Prescriptions are expensive.
A study by Express Scripts has shown that in 2014 the average American spent $1370 on medications alone.
And that number keeps rising every year!
We all have so many things to worry about these days, being able to afford our medicine should not be one of them.
If you’ve ever thought:
- “How will I pay for my prescriptions?”,
- “How can I save money on prescription drugs?”,
- “I can’t afford to pay for my medication.”,
then this post is for you!
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Check out this list of 21 ways you can save money the next time you fill out your prescription.
What will I learn?
1. Apply for a NACo Card
I want to start with one of the best prescription savings programs out there that not many people even know about.
The NACo Card, a program operated by CVS Caremark.
The NACo card is basically a free prescription discount program that caters to anyone who lives on one of the participating counties in the United States.
Who can apply?
If you don’t have insurance or have insurance but your drug isn’t covered you can apply.
According to the program, the card saves an average card holder around 24%.
Applying is very easy.
- Visit nacorx.org
- Fill out the submission form.
- Next, put in your zip code to see if it’s available where you live.
- If so, congratulations, you’ll receive your NACO card in a few days or so by mail.
Yes, it really is as simple as that!
2. Compare prices & get coupons
Goodrx is the best place to compare prices and find coupons and discount codes to save even more.
Prices can vary considerably depending on the pharmacy.
Make sure you are filling your prescriptions at the cheapest rate!
3. Get drug-specific coupons from manufacturers
Most drug makers offer coupons and discounts. The trick is knowing how to find ’em.
The good news is we found an easy way for you to locate such coupons.
There is a great site called InternetDrugCoupons.com that lists coupons offered by drug manufacturers.
Here’s how you can use it:
- Visit InternetDrugCoupons.com.
- Enter the name of your drug and hit Search.
- You’ll be presented with a list of coupons for that drug.
- Click on “Get Coupon” to print out yours.
It is as simple as that!
4. Go for generic drugs
Don’t pay for brand names, pay for the ingredients.
And generic drugs have the exact same ingredients as their counterparts, but cost way less.
Be sure to ask your doctor if there is a generic option, these can be much cheaper.
5. Ask for an alternative if yours isn’t covered
Check the formulary for your insurance company’s favorites. (The list of medications that a prescription plan will cover is called a formulary.)
Show your doctor your formulary list and ask if there’s another drug in a lower price tier that would work just as well for you.
Most health insurance companies have dedicated pages on their site where they list the covered prescription drugs. We included a few for some of the top health insurance companies below.
Prescription Drug List (Formulary) for:
6. Look for Pharmaceutical Assistance Programs
If you are enrolled in Medicare Part D, you may qualify to participate in a Pharmaceutical Assistance Program for the drugs you take.
To find out whether or not your drug is covered, check out this page on medicare.gov.
7. Use the Costco Member Prescription program
If you have a Costco membership, you can enjoy lower prices on all medications.
Here’s how Costco explains the program:
The Costco Member Prescription Program is NOT insurance. The program is a value added benefit of a Costco membership that provides eligible Costco members and their eligible dependents with the ability to obtain lower prices on all medications.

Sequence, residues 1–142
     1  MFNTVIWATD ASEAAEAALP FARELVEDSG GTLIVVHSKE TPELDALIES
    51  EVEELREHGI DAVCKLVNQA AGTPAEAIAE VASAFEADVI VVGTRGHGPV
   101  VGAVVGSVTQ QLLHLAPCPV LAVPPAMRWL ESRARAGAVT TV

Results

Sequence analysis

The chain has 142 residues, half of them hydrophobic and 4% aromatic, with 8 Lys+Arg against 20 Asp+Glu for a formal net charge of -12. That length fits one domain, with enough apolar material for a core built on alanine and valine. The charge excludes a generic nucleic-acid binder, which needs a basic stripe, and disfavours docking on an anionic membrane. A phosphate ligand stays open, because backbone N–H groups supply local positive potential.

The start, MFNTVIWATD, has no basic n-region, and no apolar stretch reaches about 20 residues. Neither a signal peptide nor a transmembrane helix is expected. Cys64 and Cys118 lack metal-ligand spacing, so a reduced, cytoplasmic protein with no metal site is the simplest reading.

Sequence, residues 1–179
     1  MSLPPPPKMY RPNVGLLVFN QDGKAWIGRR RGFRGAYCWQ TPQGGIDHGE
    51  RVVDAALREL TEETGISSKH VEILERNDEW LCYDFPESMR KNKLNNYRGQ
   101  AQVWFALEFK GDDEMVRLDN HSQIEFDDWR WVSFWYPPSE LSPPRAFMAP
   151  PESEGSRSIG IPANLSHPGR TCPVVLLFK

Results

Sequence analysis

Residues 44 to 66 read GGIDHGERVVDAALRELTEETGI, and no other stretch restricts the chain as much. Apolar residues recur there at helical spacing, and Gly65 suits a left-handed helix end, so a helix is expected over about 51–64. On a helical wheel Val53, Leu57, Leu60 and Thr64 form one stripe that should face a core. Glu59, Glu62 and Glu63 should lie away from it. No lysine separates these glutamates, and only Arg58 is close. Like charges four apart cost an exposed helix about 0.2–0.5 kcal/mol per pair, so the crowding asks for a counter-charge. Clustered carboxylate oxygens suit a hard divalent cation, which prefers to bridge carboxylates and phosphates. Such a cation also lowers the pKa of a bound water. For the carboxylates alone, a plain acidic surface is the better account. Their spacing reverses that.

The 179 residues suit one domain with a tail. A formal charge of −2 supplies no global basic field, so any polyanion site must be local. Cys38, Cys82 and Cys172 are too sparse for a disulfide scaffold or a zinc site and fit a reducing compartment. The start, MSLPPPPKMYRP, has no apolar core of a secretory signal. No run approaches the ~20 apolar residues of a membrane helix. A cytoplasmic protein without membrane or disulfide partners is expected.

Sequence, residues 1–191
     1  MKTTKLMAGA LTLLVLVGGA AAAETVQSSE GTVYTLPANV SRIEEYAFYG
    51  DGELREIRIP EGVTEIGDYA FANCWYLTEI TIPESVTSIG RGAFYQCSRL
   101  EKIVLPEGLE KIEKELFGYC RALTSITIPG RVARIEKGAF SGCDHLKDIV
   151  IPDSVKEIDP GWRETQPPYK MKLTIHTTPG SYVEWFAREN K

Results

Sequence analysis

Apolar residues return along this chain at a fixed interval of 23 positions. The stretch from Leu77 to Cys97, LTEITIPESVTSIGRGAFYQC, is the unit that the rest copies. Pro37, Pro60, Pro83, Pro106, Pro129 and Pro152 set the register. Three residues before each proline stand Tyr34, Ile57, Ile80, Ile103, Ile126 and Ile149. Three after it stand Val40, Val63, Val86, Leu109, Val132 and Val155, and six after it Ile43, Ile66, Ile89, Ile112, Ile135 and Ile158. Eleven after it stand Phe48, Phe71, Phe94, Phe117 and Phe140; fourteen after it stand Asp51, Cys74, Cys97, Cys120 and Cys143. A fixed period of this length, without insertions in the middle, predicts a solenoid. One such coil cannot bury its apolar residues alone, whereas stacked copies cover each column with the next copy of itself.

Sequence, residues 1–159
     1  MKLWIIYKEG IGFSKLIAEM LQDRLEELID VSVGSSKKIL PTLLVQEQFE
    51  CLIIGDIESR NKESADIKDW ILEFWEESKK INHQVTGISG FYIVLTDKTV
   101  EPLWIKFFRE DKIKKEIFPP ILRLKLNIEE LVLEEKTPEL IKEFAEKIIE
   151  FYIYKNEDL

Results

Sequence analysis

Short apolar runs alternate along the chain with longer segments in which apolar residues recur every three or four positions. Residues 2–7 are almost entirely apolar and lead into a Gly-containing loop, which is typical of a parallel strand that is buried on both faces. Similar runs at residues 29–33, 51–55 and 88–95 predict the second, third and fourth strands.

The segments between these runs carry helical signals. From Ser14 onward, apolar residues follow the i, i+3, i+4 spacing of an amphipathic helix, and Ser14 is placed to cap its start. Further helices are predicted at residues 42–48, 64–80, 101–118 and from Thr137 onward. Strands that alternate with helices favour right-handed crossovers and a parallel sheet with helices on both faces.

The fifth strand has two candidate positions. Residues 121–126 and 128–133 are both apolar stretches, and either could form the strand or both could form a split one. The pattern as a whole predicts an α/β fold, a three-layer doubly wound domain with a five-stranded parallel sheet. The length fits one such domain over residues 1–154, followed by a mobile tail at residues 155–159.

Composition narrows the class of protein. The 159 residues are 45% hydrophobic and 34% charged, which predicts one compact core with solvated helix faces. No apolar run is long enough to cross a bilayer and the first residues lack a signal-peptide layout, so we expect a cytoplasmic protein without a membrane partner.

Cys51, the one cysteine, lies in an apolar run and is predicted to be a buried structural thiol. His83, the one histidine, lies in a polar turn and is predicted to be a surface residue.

You can learn more about it at Costco’s official website at Costco Member Prescription Program.
8. Take advantage of AARP Prescription Discounts
Like Costco, AARP also offers a prescription discount card for its members known as the AARP Prescription Discounts.
AARP’s Prescription Discounts is provided by OptumRx.
It gives you access to free exclusive discounts on prescriptions.
According to the AARP, you can “save an average of 61% on FDA-approved generic, brand name, or specialty drugs, not covered by your current prescription insurance or Medicare Part D plan.”
You can learn more about it on AARP’s official site.
9. Ask and you shall receive
Ask your pharmacist about deals or promotions that may not be advertised.
A very simple way to save more money on drugs.
10. Opt for Mail Order
Choose mail order vs in-pharmacy for filling prescriptions.
Mail order drugs are usually cheaper, and you save yourself a trip to the store!
11. Get a 90 day supply instead of 30
Companies often offer large discounts for filling a larger supply at once.
12. Take advantage of free samples
Free samples are often an option. Most drug companies provide free samples of medications to doctor’s offices.
Talk with your doctor and be sure to let them know if you’re struggling to pay, they usually have free samples available in the doctor’s office.
You can also check the official websites of the drug makers for free samples.
13. Look into the Extra Help program
Learn about the Extra Help program.
Medicare beneficiaries with limited income may qualify for Extra Help, a government program that helps seniors with costs of a Medicare prescription-drug plan, including monthly premiums, annual deductibles, and prescription co-payments.
Extra Help can save you up to $4,000 per year.
14. Consider splitting higher-dose pills
There is often very little difference in price when it comes to different dosages of pills.
A 50mg pill will often cost almost the same price as the same pill in a 25mg dose.
Find out from your pharmacist if the medication you are using comes in different doses and if it is safe to split the larger-dose pills or not.